In a small bowl, mix the oats and almond milk. Place in fridge and let it soak for at least 2 hours to soften and thicken. This prevents the oats from giving the smoothie a gritty texture. Place thickened oat mixture into your blender along with the rest of the ingredients (except for the chocolate shavings). Blend on high until smooth. Pour into a tall glass, top with chocolate shavings if desired. Makes 1 large or 2 small servings.

If you are not already blending away, these 5 smoothie recipes can get you started. Next time you visit the market, pick up some of the smoothie staples: your preferred milk (low-fat, almond, soy, coconut, etc), some plain low or non-fat greek yogurt, some bananas (peel and freeze), baby spinach, and some frozen or fresh berries or fruit of your choice. Any smoothie can be boosted with even more nutrition by adding a scoop of protein powder, and a Tbsp of either flax, chia, or hemp seeds. Try out these recipes and leave a comment to let us know how you enjoyed them. Happy blending!

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Which Diet Is Right For Me?

If you have ever tried to change your eating habits as part of your health and fitness goals, then you know there are endless diet options available. So which should you choose? First off, it may help to redefine the word “diet.” Many people think of a diet as a tool for weight loss. We suggest that you think of a diet simply as a way of eating. While the way you eat may help you achieve weight loss or other health goals, many people find it helpful to let go of the mindset in which a diet is a means to an end – a temporary lifestyle change that can be discarded once a goal is met. Most people who choose a diet based on their food and cooking preferences, as well as the ability to live with that particular way of eating in the long-term, are able to maintain healthy eating habits more easily. In this post we define several ways of eating – perhaps one of them may fit for you and your long-term health and fitness goals.

  1. Low-carb: Low-carb diets are getting a lot of attention in the media these days. There are many benefits to a low-carb diet such as normalized blood sugar, reduced cravings for sugary foods, less heartburn, and other improved health markers. This diet involves reducing the amount of carbohydrates (such as pasta and bread) you intake each day and eating a higher proportionate amount of protein and healthy fats. This is a great diet for anyone who is okay with removing certain foods from your meal plan entirely, who does not like counting calories, and who wants their diet to include plenty or real (vs processed) foods. Dr. Andreas Eenfeldt has put together a comprehensive guide to low-carb eating on dietdoctor.com.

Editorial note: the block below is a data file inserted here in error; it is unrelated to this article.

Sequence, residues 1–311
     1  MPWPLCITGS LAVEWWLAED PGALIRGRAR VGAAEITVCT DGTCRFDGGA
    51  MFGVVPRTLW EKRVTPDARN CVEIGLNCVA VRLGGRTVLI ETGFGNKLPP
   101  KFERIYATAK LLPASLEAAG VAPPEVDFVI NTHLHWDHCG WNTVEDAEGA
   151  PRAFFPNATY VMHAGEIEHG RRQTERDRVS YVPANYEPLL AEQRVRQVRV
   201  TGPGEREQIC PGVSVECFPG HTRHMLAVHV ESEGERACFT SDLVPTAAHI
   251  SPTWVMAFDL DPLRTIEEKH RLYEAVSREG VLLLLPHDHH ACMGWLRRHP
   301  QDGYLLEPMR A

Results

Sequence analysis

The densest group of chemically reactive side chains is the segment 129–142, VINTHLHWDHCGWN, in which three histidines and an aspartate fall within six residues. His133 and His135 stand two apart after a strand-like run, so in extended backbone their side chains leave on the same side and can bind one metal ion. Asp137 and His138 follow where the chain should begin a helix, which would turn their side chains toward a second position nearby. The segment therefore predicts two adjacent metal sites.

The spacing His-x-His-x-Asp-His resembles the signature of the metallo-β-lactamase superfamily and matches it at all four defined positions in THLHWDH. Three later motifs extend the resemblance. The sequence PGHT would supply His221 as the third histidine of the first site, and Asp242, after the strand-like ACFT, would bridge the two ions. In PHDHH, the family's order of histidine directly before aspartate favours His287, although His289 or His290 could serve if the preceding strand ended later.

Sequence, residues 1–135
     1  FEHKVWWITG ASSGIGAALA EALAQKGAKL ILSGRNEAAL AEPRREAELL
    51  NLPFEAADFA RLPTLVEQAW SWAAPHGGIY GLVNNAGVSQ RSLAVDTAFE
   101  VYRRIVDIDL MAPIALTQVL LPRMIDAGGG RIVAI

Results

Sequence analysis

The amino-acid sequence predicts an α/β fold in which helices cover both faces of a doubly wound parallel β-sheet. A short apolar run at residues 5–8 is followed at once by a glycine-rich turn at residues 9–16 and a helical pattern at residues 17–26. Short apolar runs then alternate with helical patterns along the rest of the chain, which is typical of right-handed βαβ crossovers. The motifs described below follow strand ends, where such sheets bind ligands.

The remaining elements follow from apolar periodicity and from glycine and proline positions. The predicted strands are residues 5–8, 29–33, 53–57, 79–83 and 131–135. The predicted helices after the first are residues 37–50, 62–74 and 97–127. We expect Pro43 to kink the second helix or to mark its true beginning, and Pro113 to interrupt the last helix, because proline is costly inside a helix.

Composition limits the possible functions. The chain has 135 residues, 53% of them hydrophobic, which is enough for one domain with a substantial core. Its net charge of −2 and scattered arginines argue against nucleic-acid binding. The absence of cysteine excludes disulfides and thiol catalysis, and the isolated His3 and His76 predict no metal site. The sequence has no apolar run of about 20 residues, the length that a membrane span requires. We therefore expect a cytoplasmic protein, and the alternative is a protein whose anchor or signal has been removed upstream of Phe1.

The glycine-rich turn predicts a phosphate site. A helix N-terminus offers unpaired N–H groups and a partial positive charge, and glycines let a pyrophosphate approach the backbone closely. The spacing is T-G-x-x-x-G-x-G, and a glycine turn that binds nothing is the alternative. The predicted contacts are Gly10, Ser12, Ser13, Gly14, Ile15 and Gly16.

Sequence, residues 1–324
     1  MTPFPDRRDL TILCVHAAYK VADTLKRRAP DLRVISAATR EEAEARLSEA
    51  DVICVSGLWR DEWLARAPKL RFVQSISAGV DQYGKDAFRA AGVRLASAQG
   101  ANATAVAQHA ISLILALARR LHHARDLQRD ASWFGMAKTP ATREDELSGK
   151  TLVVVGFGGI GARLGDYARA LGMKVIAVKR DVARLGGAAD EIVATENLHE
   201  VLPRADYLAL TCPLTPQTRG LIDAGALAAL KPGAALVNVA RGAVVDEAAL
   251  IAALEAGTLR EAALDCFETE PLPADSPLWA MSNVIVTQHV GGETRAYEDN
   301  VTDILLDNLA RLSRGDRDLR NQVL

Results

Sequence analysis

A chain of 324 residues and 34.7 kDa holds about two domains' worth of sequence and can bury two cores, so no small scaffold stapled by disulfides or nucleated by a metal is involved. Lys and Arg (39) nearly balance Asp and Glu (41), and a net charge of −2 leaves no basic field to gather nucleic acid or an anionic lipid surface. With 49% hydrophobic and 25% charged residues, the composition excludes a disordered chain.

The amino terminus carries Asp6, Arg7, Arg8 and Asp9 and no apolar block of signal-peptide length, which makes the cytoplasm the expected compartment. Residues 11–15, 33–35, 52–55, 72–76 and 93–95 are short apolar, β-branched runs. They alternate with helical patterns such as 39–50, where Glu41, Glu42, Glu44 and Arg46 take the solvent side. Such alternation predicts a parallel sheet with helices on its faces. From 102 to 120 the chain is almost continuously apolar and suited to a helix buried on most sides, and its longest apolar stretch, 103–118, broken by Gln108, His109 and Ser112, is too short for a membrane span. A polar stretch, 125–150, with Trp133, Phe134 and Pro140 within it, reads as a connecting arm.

2. Paleo Diet: The Paleo diet, also known as the caveman’s diet, attempts to return people to simpler ways of eating. Basically, you eat like the hunters and gatherers of old, which means the only things on the table are foods they would have hunted or found – meats, fish, eggs, nuts, leafy greens, fruits and veggies, and seeds. Like the low-carb diet, you remove anything processed, as well as dairy, and foods that can not be eaten in their natural states (such as potatoes). It can be a bit restrictive for some, but we like it for its efforts to keep things simple. Paul VanDyken has created a simple Dos and Don’ts guide to paleo eating on Paleodiet.com to help you get started.
  3. Vegetarian or Vegan: Strict vegetarians do not eat any meat, fish, or poultry. Vegans eliminate these as well as dairy products and eggs, and typically avoid wearing or using anything derived from an animal (such as honey, leather, wool, cosmetics, etc). There are many benefits to a vegetarian or vegan diet. Most people following these ways of eating consume lots of fiber and other nutrients from natural sources. Most vegetarians also consume less saturated fat, which results in lower cholesterol, and reduced risk of hypertension and heart disease. The Vegetarian Resource Group has a great site loaded with information on vegetarianism and veganism, including nutrition, meal plans, and recipes.
  4. Raw Food: This diet has been around for centuries, but has recently become popular again. Eating raw means eating foods that have never been heated over 104–118°F (40–48°C). Raw foods should not have been refined, pasteurized, treated with pesticides or processed in any way. People who eat a raw diet prepare their foods by juicing, soaking, blending, and dehydrating, rather than cooking. Benefits of this way of eating include weight loss, increased energy, and reduced impact on the environment. It takes a lot of commitment, but if removing processed foods from your diet completely is important to you, this may be the way to go. You can get more information on the raw food diet by reading an article by Taylor Jones on Authoritynutrition.com.
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Mindfulness Meditation for Beginners

In order to live a fitter and healthier life, we must address all aspects of wellness – nutrition, physical fitness, and mental health. Engaging in mindfulness meditation is one way to take care of our minds and reduce overall stress. Simply put, being mindful is the practice of being aware and present in the here-and-now. Mindfulness meditation allows us to turn our focus inward and notice what is happening with our thoughts and in our bodies, taking time to separate ourselves from external distractions and stressors as much as is possible. Here are a few basic tips to get you started with this practice:

  1. Find a quiet and comfortable place to sit. Silence your phone and other devices and try to minimize possible distractions. Begin to pay attention to your breathing. Take a look at Barry Boyce’s techniques for preparing your body for mindfulness meditation at Mindful.org. 
  2. Scan your body. Take a mental inventory of what’s happening in your body. Notice (without judgement) where you might have tension or pain, where you feel loose and relaxed, and how your breath feels in your body. If you would like to use a guided meditation to get you started, the Mindful Awareness Research Center at UCLA has some free offerings of different durations here. 
  3. Let go of thoughts. In our everyday lives we often become consumed by thoughts. In mindfulness meditation we try to let them go for a while, giving us a mental respite. Sakyong Mipham Rinpoche of LionsRoar.com suggests, “No matter what kind of thought comes up, you should say to yourself, ‘That may be a really important issue in my life, but right now is not the time to think about it. Now I’m practicing meditation.’ It gets down to how honest we are, how true we can be to ourselves, during each session.” Some people find it helpful to use imagery as they let go of their thoughts. For example, try picturing your thoughts as puffy white clouds that float by on the breeze, or leaves being carried away on a running brook.

By introducing mindfulness to your health and wellness routine, you may find yourself better attuned to your body, more able to focus on the present moment, and better equipped to center yourself during stressful situations. Try these basic practices and leave a comment to let us know how it went!